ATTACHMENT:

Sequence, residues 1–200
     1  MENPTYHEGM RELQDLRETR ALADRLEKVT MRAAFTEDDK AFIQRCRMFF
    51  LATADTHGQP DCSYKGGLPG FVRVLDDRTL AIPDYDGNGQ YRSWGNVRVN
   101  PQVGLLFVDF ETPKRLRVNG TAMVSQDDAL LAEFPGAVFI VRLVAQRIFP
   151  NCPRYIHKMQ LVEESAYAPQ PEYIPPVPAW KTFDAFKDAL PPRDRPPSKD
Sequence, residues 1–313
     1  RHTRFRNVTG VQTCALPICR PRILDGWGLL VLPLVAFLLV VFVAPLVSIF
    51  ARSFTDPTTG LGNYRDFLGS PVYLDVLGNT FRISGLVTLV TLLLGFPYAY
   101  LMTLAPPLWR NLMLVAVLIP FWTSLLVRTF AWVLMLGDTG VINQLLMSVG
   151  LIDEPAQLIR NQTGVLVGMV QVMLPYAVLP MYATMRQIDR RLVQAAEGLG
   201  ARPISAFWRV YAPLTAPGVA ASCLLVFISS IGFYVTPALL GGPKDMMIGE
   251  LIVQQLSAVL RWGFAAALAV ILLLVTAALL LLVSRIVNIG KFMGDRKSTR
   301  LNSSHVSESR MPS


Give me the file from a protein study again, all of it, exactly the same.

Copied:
Sequence, residues 1–200
     1  MENPTYHEGM RELQDLRETR ALADRLEKVT MRAAFTEDDK AFIQRCRMFF
    51  LATADTHGQP DCSYKGGLPG FVRVLDDRTL AIPDYDGNGQ YRSWGNVRVN
   101  PQVGLLFVDF ETPKRLRVNG TAMVSQDDAL LAEFPGAVFI VRLVAQRIFP
   151  NCPRYIHKMQ LVEESAYAPQ PEYIPPVPAW KTFDAFKDAL PPRDRPPSKD
Sequence, residues 1–313
     1  RHTRFRNVTG VQTCALPICR PRILDGWGLL VLPLVAFLLV VFVAPLVSIF
    51  ARSFTDPTTG LGNYRDFLGS PVYLDVLGNT FRISGLVTLV TLLLGFPYAY
   101  LMTLAPPLWR NLMLVAVLIP FWTSLLVRTF AWVLMLGDTG VINQLLMSVG
   151  LIDEPAQLIR NQTGVLVGMV QVMLPYAVLP MYATMRQIDR RLVQAAEGLG
   201  ARPISAFWRV YAPLTAPGVA ASCLLVFISS IGFYVTPALL GGPKDMMIGE
   251  LIVQQLSAVL RWGFAAALAV ILLLVTAALL LLVSRIVNIG KFMGDRKSTR
   301  LNSSHVSESR MPS